Basic Education Minister Angie Motshekga announced on Friday that matric pupils had to re-write Maths Paper 2 and Physics Paper 2Picture Ian Landsberg/African News Agency (ANA).
Basic Education Minister Angie Motshekga announced on Friday that matric pupils had to re-write Maths Paper 2 and Physics Paper 2Picture Ian Landsberg/African News Agency (ANA).

Plea to not boycott the matric re-write

By Sne Masuku Time of article published Dec 10, 2020

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Durban - THE Inkatha Freedom Party has appealed to the matric class of 2020 not to boycott re-writing the mathematics and physical science papers should the court make a ruling to this effect.

Basic Education Minister Angie Motshekga announced on Friday that matric pupils had to re-write Maths Paper 2 and Physics Paper 2.

Civil rights organisation AfriForum has assisted four pupils to lodge an urgent application in the Pretoria High Court today on Wednesday to reverse Motshekga’s decision.

The pupils want the minister to be interdicted from destroying any answering scripts.

Some teacher unions, including the SA Democratic Teachers’ Union, are also planning to challenge Motshekga’s decision in court.

However, the National Teachers’ Union supported the minister’s decision, saying it was an undisputed fact that the two exam papers were leaked, and since the extent of the leak could not be conclusively determined, the only way to protect the integrity and the credibility of the examinations was to have rewrites.

The Congress of South African Students, in a statement, called for the matric pupils to boycott rewriting the two papers, saying that both the department and quality assurer Umalusi had failed to prove why all pupils had to rewrite these papers when it was less than 200 out of 390 000 candidates who might have seen the paper.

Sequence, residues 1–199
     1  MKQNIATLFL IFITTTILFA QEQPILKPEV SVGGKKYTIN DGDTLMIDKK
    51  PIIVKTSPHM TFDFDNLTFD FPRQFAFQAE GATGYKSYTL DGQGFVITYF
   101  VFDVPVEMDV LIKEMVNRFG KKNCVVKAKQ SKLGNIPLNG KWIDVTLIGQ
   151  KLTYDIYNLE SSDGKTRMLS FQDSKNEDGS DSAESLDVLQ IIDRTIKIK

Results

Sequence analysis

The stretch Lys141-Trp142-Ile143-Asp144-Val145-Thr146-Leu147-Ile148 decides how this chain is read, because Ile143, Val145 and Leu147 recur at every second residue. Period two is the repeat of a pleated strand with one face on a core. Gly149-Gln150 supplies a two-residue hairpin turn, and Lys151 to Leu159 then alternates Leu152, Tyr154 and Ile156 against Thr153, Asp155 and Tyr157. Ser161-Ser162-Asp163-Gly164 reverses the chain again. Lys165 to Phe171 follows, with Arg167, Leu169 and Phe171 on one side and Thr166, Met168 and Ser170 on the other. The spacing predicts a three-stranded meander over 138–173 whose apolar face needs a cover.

Addressing pupils during his visit to Umtapo High School yesterday, IFP leader Velenkosini Hlabisa said matric pupils across the country faced enormous challenges regarding their academic year during the Covid-19 outbreak and more recently uncertainty looms over their heads. “However, they would have to respect the court’s ruling.”

He said while they were disappointed with the blanket approach by the department to force all pupils to rewrite the leaked papers, the IFP urged all affected pupils to rewrite so they were not disadvantaged.

“We need to be responsible. We cannot say pupils should boycott rewriting because that will place them at a disadvantage. We believe the government will come to realise that during marking, it will become clear who had access to the leaked paper and who did not,” he said.

He said they have established the pupils who had access to the leaked papers belonged to a certain WhatsApp group and were pupils from certain advantaged and best performing schools, schools that the government wanted to assist to perform well and gain access to university. They were not from the disadvantaged township and rural schools.

“The unilateral decision that they must rewrite is unfair to pupils who were not exposed to the leaked papers. We encourage teachers to put all efforts to assist our pupils to perform well in these exams,” said Hlabisa.

Equal Education and the Equal Education Law Centre said they were worried about the stress and uncertainty caused by the leaking of papers and by the decision that they must be rewritten.

Quality assurer Umalusi and the DBE had a duty to explain to pupils, parents and teachers all the options that were considered to protect the integrity of the matric exams, before settling on the rewriting of the papers as the only solution, they said.

Additional reporting by Sisonke Mlamla

Daily News

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